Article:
The MIT Benefits Office and Fidelity Investments will hold retirement plan information seminars on campus and at Lincoln Lab over the next two weeks. The seminar titles are as follows:
Understanding Your MIT Retirement Plans -- Designed for employees who want an overview of the MIT Retirement Plans. Highlights include a review of the features and benefits of the MIT Basic Plan and the MIT Supplemental 401(k) Plan; an introduction to the MIT Supplemental 401(k) plan investment options; and a discussion of the tools, information and services available to help with retirement planning.
Tuesday, Sept. 21 -- Student Center Twenty Chimneys, 9-10am
Wednesday, Sept. 22 -- Wong Auditorium (Building E51), 9-10am
Tuesday, Sept. 28 -- Lincoln Lab Auditorium, 1-2pm
Choosing Your MIT 401(k) Investment Mix -- Designed for those who want guidance selecting their 401(k) investment options. Highlights include a review of the basic types of investments; the risk and rewards of each investment type and how time can work in your favor; how to choose your investment mix; and how your MIT Supplemental 401(k) Plan investment options fit into these mixes.
- ï¿½ï¿½ï¿½ï¿½ï¿½ï¿½Tuesday, Sept. 21 -- Student Center Twenty Chimneys, noon-1pm
- Wednesday, Sept. 22 -- Wong Auditorium (Building E51), 11:30am-12:30pm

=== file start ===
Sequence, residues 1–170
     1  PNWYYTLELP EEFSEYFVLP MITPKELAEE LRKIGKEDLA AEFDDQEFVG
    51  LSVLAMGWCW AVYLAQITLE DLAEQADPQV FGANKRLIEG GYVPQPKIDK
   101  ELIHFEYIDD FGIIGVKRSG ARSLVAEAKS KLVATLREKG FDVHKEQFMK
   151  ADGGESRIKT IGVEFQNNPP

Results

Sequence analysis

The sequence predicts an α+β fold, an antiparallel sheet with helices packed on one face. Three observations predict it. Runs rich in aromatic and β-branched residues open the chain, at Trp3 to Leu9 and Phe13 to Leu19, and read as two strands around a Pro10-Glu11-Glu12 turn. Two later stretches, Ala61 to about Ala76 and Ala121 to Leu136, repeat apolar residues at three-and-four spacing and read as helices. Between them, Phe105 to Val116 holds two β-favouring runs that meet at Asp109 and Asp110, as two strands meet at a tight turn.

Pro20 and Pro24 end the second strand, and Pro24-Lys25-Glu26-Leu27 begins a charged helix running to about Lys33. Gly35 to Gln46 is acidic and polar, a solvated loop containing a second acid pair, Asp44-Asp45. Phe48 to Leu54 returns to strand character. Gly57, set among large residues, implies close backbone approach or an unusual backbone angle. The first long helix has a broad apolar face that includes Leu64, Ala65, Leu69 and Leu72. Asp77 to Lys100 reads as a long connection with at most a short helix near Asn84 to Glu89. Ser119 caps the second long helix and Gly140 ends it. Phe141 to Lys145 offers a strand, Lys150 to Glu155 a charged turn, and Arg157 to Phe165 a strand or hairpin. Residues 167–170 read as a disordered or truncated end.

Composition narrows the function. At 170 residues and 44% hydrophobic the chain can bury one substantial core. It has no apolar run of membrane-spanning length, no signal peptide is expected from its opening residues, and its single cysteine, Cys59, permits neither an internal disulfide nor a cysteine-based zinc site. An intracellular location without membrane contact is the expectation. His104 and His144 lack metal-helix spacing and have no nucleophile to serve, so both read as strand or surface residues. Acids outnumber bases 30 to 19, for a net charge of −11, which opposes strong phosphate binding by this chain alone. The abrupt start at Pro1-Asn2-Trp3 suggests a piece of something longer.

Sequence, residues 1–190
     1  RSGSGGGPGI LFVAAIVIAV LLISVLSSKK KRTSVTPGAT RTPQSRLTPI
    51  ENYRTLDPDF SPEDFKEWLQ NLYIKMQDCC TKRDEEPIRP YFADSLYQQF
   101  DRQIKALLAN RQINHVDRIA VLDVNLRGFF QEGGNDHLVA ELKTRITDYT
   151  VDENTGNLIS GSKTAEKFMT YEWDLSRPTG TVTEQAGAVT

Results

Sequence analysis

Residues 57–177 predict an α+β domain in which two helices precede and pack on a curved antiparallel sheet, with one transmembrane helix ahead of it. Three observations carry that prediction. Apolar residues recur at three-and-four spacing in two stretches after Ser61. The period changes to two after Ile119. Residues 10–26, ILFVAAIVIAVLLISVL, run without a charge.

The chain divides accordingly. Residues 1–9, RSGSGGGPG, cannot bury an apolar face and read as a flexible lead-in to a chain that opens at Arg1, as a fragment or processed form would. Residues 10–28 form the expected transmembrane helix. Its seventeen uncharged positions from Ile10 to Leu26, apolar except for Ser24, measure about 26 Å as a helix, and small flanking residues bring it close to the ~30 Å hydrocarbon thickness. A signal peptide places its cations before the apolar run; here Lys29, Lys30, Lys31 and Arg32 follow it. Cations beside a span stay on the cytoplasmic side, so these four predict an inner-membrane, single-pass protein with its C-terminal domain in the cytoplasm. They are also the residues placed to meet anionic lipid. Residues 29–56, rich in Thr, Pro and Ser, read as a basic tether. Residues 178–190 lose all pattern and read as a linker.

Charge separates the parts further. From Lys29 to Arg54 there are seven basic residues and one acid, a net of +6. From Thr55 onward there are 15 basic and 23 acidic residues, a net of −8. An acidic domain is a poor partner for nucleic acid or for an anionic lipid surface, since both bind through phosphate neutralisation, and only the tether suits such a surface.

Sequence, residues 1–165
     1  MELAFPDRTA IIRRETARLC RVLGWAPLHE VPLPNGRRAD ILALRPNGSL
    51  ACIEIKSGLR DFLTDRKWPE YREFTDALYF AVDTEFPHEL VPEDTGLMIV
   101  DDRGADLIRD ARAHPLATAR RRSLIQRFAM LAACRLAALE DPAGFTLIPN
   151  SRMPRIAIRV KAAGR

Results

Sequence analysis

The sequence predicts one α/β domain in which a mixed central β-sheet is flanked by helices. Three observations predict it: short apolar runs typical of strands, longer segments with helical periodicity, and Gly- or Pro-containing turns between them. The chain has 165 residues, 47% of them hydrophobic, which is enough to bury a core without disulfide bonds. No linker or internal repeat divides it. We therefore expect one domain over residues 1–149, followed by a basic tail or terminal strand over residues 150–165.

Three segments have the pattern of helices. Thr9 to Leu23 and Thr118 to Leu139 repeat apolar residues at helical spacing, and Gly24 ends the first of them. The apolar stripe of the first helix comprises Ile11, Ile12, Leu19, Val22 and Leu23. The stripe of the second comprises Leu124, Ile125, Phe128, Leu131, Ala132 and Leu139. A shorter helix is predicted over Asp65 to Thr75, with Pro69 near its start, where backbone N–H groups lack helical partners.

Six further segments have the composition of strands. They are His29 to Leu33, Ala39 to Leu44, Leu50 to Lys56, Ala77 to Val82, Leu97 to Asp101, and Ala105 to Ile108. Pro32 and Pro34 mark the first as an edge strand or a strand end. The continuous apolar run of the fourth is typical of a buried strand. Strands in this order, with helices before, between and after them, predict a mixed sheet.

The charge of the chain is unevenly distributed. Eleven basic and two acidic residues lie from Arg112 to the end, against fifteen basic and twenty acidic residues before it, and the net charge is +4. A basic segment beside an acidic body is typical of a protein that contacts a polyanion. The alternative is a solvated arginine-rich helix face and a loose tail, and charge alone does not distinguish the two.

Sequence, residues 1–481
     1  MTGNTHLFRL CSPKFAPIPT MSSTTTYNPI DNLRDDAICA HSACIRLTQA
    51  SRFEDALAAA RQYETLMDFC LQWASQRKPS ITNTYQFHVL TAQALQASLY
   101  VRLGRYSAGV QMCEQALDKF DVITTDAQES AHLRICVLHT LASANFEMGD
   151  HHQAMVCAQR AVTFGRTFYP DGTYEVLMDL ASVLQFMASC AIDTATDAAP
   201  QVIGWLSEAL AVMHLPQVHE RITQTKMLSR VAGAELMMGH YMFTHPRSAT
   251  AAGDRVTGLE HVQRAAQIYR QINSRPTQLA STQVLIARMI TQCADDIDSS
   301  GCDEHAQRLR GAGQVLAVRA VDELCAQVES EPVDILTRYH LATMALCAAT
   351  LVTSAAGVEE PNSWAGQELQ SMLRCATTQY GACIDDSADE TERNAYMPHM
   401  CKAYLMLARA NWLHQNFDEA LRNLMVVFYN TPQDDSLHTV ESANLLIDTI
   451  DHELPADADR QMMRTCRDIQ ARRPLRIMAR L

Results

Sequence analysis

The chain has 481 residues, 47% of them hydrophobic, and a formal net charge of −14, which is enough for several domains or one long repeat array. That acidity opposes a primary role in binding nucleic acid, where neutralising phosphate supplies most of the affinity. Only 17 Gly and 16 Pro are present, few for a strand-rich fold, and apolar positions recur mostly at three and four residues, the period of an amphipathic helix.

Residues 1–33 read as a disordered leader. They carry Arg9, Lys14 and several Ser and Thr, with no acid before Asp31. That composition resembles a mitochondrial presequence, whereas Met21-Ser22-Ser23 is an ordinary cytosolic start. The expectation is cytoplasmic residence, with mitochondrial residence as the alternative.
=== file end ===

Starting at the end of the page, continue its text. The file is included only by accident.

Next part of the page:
- ï¿½ï¿½ï¿½ï¿½ï¿½ï¿½Tuesday, Sept. 28 -- Lincoln Lab Auditorium, 3-4pm
MIT and Fidelity Investments will continue to offer investment seminars on a variety of topics throughout the year. Visit the MIT Benefits web site for descriptions, dates, times and locations of future seminars.
Those with questions about their MIT Supplemental 401(k) Plan account may call 1-877-MIT-SAVE (648-7283). Fidelity Retirement Services specialists are available Monday through Friday, 8am-midnight. The TTY number for the speech and hearing-impaired is (800) 259-9743.
Employees can also view their 401(k) account information online by visiting the Fidelity NetBenefits . NetBenefits allows users to view current account balances, current share prices, recent contributions and any earnings, and historical performance of Fidelity investment options. They can also make exchanges (transfers) between investment options, change the investment mix of future contributions and change contribution amounts.
A version of this
article appeared in the
September 15, 1999
issue of MIT Tech Talk (Volume